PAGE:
Hunter Biden, the president's son, said he expects to be exonerated after the U.S. Justice Department concludes an inquiry into his finances, in a wide-ranging interview that aired Sunday morning and also touched on his drug addiction and long-running personal troubles.
The son of President Joe Biden appeared on the "CBS Sunday Morning" news program to promote a new memoir, "Beautiful Things," in which he talks about his addiction to crack cocaine, his recovery, and his relationship with his father.
He said in the interview that he is "cooperating completely" with a federal probe centered on his tax dealings. The inquiry became public in December and had been underway for two years.
"I'm absolutely certain, 100% certain, that at the end of the investigation, that I will be cleared of any wrongdoing. I'm 100% certain of it," he said.
Biden, 51, also addressed controversies that have tarred his reputation over the years, including his role on the board of a Ukrainian energy company, Burisma, while his father was vice president.
"I don't think I made a mistake in taking a spot on the board," he told interviewer Tracy Smith. "I think I made a mistake in terms of underestimating the way in which it may be used against me."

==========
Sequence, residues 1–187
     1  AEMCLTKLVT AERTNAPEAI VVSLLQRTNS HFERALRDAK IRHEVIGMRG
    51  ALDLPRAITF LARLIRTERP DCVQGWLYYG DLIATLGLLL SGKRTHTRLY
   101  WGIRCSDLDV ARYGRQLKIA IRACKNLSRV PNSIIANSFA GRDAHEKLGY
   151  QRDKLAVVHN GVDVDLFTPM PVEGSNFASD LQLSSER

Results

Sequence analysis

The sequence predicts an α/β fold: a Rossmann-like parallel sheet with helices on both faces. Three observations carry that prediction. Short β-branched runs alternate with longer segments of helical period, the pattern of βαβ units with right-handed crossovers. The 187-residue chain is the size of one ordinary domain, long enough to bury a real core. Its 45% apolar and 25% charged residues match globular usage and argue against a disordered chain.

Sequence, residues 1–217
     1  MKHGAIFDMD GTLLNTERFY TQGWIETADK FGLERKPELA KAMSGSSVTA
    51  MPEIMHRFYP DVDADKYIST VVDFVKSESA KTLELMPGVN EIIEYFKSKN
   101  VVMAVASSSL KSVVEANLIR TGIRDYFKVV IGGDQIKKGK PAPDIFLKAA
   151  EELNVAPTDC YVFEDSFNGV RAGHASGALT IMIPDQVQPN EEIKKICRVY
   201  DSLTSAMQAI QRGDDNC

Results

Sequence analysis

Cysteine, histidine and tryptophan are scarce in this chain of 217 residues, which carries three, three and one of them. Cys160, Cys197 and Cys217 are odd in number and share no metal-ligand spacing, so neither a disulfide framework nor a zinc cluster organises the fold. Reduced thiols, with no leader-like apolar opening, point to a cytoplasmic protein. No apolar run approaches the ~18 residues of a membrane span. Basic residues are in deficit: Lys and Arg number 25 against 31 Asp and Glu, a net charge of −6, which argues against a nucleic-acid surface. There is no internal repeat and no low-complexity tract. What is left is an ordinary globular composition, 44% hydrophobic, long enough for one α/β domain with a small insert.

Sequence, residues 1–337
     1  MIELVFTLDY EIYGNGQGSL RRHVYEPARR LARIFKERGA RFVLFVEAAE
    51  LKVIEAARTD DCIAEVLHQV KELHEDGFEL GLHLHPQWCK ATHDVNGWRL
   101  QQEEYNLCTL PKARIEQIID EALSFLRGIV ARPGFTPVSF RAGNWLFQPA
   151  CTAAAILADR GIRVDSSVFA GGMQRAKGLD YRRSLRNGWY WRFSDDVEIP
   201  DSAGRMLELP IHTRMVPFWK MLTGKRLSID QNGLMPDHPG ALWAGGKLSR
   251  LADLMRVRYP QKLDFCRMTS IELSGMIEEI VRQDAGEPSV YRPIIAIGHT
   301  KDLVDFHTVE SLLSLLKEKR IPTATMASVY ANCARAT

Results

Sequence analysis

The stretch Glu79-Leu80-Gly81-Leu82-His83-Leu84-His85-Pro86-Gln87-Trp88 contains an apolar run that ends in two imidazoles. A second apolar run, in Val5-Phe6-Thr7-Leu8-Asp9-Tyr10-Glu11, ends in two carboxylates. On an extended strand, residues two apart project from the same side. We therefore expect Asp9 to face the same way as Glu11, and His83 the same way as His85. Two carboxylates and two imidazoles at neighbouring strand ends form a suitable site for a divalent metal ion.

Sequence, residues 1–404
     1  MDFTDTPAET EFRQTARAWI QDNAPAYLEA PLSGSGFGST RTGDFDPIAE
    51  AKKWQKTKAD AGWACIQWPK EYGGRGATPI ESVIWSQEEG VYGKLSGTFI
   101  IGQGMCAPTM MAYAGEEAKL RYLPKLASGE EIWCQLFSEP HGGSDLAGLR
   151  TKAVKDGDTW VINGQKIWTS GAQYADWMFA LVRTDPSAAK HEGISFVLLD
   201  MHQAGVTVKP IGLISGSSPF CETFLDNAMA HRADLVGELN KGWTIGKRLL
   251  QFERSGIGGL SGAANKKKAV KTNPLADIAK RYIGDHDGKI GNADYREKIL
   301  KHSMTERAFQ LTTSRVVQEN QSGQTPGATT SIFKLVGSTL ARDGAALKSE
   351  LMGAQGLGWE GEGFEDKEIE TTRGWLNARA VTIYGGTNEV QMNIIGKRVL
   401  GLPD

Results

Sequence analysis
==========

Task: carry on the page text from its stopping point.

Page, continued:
Hunter Biden said he speaks to his father every night and recalled a time when the then sitting vice president recognized his son was abusing drugs and intervened.
"He came to my apartment one time, and this is when he was still in office as vice president. And so he kind of ditched his Secret Service, figured out a way to get over to the house, and I said, 'What are you doing here?' He said, 'Honey, what you doing?' I said, 'Dad, I'm fine.' He said, 'You're not fine.'"
Hunter Biden got help in rehab but soon afterward was struggling again, desperate for illegal substances to smoke.
"I spent more time on my hands and knees picking through rugs, smoking anything that remotely resembled crack cocaine. I probably smoked more Parmesan cheese than anyone you know..." he said.
Biden also addressed his romantic relationship with Hallie Biden, the widow of his brother Beau. His brother died of a brain tumor in 2015.
"It came out of a real overwhelming grief that we both shared, and we were together and trying to do the right thing, and that grief turned into a hope for a love that maybe could replace what we lost," Hunter Biden said. "And it didn't work."